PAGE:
Fire activity along a key Northwest Territories highway is expected to kick up in the coming days, while Mounties say they’ll stop a potentially large group from trying to re-enter when an evacuation order is still in effect.
The territorial government says Highway 1, which links up with Alberta, is open to essential travel but could close without warning due to poor visibility.
It’s expected the highway will close to all traffic between Friday and Sunday due to high winds, meaning there has been a pause on bringing back essential workers not in health care.
“Residents likely heard the re-entry for Yellowknife essential staff was paused due to looming highway closures north of the Alberta border. While we are one step closer to going back home, we still have to wait a little bit longer,” said Environment and Climate Change Minister Shane Thompson at a Thursday briefing.
Yellowknife Mayor Rebecca Alty said the delay is disappointing but progress is being made.
“Although we’ve had to pause the return of staff, it doesn’t mean that we’ve paused working. Like me, you’re probably feeling annoyed, upset, frustrated and many more emotions,” she said.
“At the end of the day, we’re a remote community dealing with a challenging fire.”
Thompson said Yellowknife needs to be ready for a mass return of its residents and evacuees need to be patient.
“I am once again urging residents to stay away from the communities that are under evacuation order. It is not safe to return to these communities, so please do not create additional work for emergency responders who are keeping our communities safe.”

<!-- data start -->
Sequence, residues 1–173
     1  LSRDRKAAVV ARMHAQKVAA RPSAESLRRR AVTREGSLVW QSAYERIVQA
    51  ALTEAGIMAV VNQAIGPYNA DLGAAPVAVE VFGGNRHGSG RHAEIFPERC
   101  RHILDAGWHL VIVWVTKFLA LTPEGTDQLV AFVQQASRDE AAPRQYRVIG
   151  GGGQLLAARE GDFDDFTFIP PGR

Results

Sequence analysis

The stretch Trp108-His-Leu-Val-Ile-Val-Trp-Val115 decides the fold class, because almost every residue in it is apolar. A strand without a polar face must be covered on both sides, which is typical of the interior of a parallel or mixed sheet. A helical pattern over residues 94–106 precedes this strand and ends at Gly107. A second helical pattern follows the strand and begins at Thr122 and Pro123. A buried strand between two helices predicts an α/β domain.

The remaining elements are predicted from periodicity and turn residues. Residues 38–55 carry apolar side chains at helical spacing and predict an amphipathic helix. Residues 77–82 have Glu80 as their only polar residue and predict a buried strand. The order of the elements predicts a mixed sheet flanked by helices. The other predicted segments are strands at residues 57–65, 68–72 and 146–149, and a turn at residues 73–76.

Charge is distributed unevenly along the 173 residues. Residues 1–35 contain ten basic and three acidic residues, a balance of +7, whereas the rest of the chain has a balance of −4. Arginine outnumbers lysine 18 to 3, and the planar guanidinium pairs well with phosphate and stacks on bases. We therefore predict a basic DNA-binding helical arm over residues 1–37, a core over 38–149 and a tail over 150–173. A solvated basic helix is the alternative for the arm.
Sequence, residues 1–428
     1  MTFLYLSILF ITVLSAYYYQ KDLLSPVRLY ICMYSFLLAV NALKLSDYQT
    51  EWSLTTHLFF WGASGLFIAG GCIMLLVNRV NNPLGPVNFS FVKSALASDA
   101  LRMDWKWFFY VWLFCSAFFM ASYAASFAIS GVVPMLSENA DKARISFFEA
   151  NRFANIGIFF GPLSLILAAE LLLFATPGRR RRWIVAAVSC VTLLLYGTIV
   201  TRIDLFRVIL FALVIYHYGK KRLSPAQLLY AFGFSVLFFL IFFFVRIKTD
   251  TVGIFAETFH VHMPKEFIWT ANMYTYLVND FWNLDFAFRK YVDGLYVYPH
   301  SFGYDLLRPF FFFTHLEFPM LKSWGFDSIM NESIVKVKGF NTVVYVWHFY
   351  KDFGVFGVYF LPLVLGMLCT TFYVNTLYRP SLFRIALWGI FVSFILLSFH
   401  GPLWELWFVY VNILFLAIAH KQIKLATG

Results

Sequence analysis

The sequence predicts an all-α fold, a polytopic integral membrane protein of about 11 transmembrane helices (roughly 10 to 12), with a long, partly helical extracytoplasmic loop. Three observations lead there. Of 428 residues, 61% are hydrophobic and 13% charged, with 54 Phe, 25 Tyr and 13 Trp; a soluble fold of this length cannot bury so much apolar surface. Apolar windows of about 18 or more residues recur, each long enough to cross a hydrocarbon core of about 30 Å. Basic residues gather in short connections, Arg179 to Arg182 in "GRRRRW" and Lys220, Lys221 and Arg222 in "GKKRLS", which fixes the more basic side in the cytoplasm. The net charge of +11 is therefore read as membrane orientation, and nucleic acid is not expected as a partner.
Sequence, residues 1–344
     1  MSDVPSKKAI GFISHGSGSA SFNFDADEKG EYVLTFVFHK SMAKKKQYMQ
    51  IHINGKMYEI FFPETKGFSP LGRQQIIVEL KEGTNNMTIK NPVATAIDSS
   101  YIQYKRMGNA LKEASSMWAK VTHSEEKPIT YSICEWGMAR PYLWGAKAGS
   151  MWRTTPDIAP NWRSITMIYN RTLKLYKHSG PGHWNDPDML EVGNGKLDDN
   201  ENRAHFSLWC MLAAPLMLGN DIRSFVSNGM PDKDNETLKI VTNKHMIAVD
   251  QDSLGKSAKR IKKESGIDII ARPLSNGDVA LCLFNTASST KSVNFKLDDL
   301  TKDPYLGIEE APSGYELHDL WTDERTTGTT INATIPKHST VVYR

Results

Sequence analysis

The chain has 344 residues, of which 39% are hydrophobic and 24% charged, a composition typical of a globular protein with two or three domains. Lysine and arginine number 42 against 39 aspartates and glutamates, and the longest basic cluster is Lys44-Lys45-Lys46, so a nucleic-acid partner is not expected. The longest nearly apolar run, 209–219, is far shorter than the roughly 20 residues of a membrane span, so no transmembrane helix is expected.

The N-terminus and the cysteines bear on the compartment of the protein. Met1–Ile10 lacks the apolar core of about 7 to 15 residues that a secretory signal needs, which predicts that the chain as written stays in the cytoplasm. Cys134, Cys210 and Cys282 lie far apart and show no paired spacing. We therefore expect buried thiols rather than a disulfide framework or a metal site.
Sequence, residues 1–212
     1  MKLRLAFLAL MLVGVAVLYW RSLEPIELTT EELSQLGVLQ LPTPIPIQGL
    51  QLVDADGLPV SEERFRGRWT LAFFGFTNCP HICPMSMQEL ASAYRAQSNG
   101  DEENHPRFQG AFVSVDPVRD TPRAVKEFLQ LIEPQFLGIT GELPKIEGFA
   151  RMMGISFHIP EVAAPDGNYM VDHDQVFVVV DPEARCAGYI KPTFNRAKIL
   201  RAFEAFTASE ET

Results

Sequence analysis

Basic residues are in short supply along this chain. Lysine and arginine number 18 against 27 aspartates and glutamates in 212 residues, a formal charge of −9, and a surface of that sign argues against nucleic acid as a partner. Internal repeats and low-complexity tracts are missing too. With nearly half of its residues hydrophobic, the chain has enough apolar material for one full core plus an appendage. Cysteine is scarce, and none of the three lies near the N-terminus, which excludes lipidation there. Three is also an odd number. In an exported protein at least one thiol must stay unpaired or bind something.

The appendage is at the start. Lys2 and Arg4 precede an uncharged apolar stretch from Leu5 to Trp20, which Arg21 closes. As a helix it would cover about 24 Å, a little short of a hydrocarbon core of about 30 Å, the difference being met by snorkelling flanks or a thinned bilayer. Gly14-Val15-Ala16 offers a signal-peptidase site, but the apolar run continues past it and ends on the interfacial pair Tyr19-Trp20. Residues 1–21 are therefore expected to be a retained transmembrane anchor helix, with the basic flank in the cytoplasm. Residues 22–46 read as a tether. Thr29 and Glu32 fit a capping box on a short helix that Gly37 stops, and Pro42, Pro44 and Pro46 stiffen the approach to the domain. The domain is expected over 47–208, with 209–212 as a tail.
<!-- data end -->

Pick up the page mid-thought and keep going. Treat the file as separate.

RCMP spokesman Cpl. Matt Halstead said police have received information that as many as 50 vehicles from Alberta are planning to return before an evacuation order is lifted.
He said it’s not safe to return to any evacuated communities, and anyone who risks the safety of government staff or RCMP officers at checkpoints may be charged.
“That investigation is ongoing and something that we’re monitoring and I have no information to suggest it has materialized into anything real as opposed to the planning phase at this stage,” he said.
“Please don’t engage in this behaviour. There’s risks on the highway. There’s the potential for delays for essential supplies coming in here. We’d have to turn you away and it’s a long way to drive for that.”
Wildfire information officer Mike Westwick said he knows first-hand that the highway isn’t safe with the limited visibility.
“I saw a structural fire truck with all their lights on emerge from the smoke and fog this morning a couple of feet away from me without ever having seen it. In terms of safety, accessing that highway is very unlikely to be safe for you,” he said.
About 70 per cent of the territory’s population – including 20,000 residents of the capital, Yellowknife – have been out of their homes for nearly two weeks or more.
Westwick said “really good progress” is being made in the Yellowknife fire but at this point Hay River remains under risk with fire being within 1.5 kilometres of the town.
Jameel Aziz, superintendent of Yellowknife Education District 1, said in a phone call that local schools are two weeks behind schedule as evacuation orders and checkpoints continue to keep territory residents out due to wildfires.
“In the North, we actually start school earlier than most folks do after Labour Day weekend,” he said.
Aziz said students were scheduled to begin school this past Monday while teachers were to have started a week prior.
“Because we have families displaced to all parts of Canada, our minister has reached out to most provincial jurisdictions to ask for some flexibility in allowing families to register their students to start the school year.”
Aziz said it may be a longer than anticipated wait before students can return to schools in the Northwest Territories, and that the school district currently has more questions than answers as wildfire conditions remain uncertain.
With files from Jamin Mike in Edmonton and Bill Graveland in Calgary.
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